Answer: Bald Eagles have largely nomadic lifestyles that focus on a source of food. Most Bald Eagles prefer not to move far from their breeding grounds, and the migratory path only increases in the distance due to the seasons affecting their food supply.
Baby and juvenile Bald Eagles are especially nomadic after leaving the nest because they have not yet mated and created a nest to have their offspring. Adult Bald Eagles are drawn back to the area where they raised their offspring after leaving in search of more food.
Bald Eagles will, however, move within a certain region (within 100 miles of their breeding ground) to scope out better nesting areas and food supplies.
Answer: The Bald Eagle (from 1 to 4 years old) most frequently gets mistaken as a Golden Eagle because the distinctive bright white head and tail have not yet come into full plumage. This adult feathering happens at five years of age for the Bald Eagle, and you really have to be quite a specialist in the bird-watching field to spot a juvenile Bald Eagle.
In this picture, the left-hand side is the Golden Eagle (fully matured), and the right-hand side is a Bald Eagle who looks to be 2 to 4 years of age. You can see why it is so easy to think you have seen a Golden Eagle!
Answer: Technically, a raptor is a “bird of prey” that uses hunting skills to obtain most of its food. Birds such as the Bald Eagle and the Golden Eagle use their acute visual abilities, cutting hooked beaks ad razor-sharp talons that pick up fish and other small mammals to carry. The Golden Eagle holds the title of the largest hunting bird in North America.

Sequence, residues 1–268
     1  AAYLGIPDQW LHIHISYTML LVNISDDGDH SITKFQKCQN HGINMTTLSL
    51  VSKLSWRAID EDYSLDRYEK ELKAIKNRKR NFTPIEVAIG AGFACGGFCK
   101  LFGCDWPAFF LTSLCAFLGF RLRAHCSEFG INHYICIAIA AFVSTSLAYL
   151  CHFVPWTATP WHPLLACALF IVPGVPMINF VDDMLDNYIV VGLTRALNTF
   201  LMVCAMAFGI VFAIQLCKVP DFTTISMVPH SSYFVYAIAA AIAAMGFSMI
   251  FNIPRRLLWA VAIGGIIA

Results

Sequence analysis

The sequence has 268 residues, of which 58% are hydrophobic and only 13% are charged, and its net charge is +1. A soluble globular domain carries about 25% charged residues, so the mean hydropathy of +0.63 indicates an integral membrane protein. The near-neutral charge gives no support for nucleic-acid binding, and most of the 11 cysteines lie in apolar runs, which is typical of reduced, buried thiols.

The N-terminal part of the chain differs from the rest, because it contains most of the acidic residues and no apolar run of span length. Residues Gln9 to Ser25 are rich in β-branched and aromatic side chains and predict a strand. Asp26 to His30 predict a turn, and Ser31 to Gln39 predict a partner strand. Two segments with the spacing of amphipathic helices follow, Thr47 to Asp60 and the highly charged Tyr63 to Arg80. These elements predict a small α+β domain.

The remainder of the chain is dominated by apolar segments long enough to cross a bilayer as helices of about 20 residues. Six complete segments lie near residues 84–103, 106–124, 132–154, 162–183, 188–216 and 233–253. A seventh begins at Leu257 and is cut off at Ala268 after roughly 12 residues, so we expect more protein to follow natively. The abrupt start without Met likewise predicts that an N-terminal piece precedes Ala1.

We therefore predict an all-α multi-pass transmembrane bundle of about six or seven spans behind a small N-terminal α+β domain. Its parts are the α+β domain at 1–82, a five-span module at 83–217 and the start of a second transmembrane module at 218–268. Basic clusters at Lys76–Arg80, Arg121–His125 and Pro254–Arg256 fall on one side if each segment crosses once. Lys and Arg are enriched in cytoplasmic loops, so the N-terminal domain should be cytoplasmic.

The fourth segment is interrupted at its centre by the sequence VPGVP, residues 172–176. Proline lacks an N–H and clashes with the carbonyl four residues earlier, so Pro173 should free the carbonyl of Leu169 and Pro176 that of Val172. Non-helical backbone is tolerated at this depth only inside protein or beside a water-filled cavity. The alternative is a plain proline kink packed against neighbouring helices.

While the California Condor is a larger bird, it is categorized as a “bird of flight” and not a bird of prey. This is for several reasons, including their lack of hunting and pursuing skills, their ineffectual talons, and their only food being already dead (carrion).
Answer: Bald Eagles are excellent swimmers, and even the young babies who don’t know how to fly yet are powerful swimmers. A Bald Eagle will swim back to shore if they have caught a huge fish in their talons that is too heavy for them to lift. They release it and swim back to shore, doing something that looks like the butterfly method.
Check out this video from Lake Winnepesaukee in New Hampshire. They have to swim as their feathers are waterlogged and need to dry before they can fly again. Occasionally a weaker Bald Eagle may drown as it uses up much of the bird’s energy to swim.
A symbol of the United States that represents survival, strength, courage, and freedom, the Bald Eagle is the most widely recognized bird in the world. Included in the list of items it graces are official documents, currency, flags, passports, and public buildings.
In 1776, a Massachusetts copper one-cent piece held the first Bald Eagle symbol, and in 1782, the Bald Eagle became the national bird of the United States. In 1789, Congress voted to make the Bald Eagle our national emblem, representing our new nation.
The Bald Eagle is a good choice for our nation, as we have clawed and swam our way to democratic shores for hundreds of years. Our determination as a nation to remain free also evokes the powerful stance of the Bald Eagle defending its territory to the last.
One thing I wish we could emulate better is the visual acuity of the Bald Eagle. Seeing four times farther and in more detail than humans, The Bald Eagle has the ability to foresee challenges or opportunities, thus continuing its reign as the mightiest free hunter in the United States. It sure would be nice to have some of that “eagle eye” and put it to use for the nation!